BERLIN (AP) — Police carried out large-scale raids in 25 German cities Wednesday, after a chance discovery last year put investigators on the trail of a money-laundering network alleged to have funneled millions in ill-gotten gains abroad.
Officials said the raids, which began in the early hours, involved about 1,400 officers and took place in the states of North Rhine-Westphalia, Lower Saxony and Bremen.
They targeted 67 suspects, including 44 Syrians, 10 Germans, five Jordanians and four Lebanese.
Eleven people were arrested, including a 39-year-old Syrian man who is accused of membership in Syria’s Nusra Front extremist group, police said. Six others are considered by authorities to be part of the Islamist spectrum, including two who are deemed potential threats.
The raids were part of an investigation into a so-called hawala network widely used in Muslim countries, in which individuals rather than banks act as brokers for money transfers.
Duesseldorf police said the money laundered since 2016 came from a broad range of sources, including criminal activity such as armed robbery, organized fraud, drug trafficking and extortion.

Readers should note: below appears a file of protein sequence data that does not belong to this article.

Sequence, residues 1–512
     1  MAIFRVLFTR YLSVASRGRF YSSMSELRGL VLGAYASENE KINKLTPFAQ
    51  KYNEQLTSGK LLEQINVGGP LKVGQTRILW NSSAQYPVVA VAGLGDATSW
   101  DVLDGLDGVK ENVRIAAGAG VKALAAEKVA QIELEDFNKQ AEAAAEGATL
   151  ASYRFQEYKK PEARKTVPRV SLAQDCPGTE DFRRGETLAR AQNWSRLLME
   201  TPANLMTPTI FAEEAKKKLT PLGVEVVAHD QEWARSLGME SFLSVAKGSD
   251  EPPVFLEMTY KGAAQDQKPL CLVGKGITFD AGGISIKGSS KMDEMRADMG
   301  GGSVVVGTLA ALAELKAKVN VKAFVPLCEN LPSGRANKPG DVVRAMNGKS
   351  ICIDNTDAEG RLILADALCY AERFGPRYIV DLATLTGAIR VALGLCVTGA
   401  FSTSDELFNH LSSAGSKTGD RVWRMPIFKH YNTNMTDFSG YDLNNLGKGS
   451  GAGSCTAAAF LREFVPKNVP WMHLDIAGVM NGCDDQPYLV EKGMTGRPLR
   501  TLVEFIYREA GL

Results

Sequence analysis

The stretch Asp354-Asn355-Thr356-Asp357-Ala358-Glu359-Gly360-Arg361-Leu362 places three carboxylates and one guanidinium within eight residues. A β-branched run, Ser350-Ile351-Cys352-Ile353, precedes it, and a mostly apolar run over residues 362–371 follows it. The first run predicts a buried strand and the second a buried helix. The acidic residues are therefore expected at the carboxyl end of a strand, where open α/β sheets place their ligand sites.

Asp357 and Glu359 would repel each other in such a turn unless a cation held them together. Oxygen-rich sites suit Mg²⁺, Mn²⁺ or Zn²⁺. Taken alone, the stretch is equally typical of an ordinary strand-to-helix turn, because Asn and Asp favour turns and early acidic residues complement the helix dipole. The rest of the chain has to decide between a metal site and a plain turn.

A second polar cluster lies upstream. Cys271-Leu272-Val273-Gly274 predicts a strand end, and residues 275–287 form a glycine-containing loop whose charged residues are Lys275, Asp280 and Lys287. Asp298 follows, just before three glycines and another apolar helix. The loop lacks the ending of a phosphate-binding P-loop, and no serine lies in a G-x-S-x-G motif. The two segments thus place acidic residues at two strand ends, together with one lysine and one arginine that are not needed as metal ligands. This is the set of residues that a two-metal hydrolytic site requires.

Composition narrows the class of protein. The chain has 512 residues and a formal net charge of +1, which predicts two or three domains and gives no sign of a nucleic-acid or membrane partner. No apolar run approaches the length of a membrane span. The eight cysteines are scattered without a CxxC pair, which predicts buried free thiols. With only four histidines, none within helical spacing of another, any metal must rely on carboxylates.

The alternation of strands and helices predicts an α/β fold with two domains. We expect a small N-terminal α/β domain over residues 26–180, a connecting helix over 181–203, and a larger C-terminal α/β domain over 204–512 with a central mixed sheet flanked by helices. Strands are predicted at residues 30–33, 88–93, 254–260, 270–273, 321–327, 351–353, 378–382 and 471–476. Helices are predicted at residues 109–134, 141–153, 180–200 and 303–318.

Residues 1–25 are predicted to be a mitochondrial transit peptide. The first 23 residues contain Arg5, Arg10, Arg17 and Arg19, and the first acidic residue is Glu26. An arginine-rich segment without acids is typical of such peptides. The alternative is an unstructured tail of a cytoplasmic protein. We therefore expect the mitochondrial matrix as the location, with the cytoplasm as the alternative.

“According to initial estimates the volume of transactions in the period under investigation was about 140 million euros ($162 million),” police said in a statement.
German public broadcaster WDR reported that at least some of the laundered money was sent to Turkey and Syria, where it may have been used to fund militant groups.
Police said the suspects are also accused of illegally obtaining benefits and tax evasion. Officers seized valuables such as luxury cars, cash, gold, jewels and high-end watches worth more than 3 million euros (around $3.5 million), including a 100,000 sound system.
“It was a really big haul," said Herbert Reul, the top security official in North Rhine-Westphalia state.
The network first came to light when police attending a traffic crash in May 2020 noticed some passengers behaving suspiciously, German news agency dpa report. A search of the vehicle revealed gym bags stuff with around 300,000 euros (around $350,000) in cash.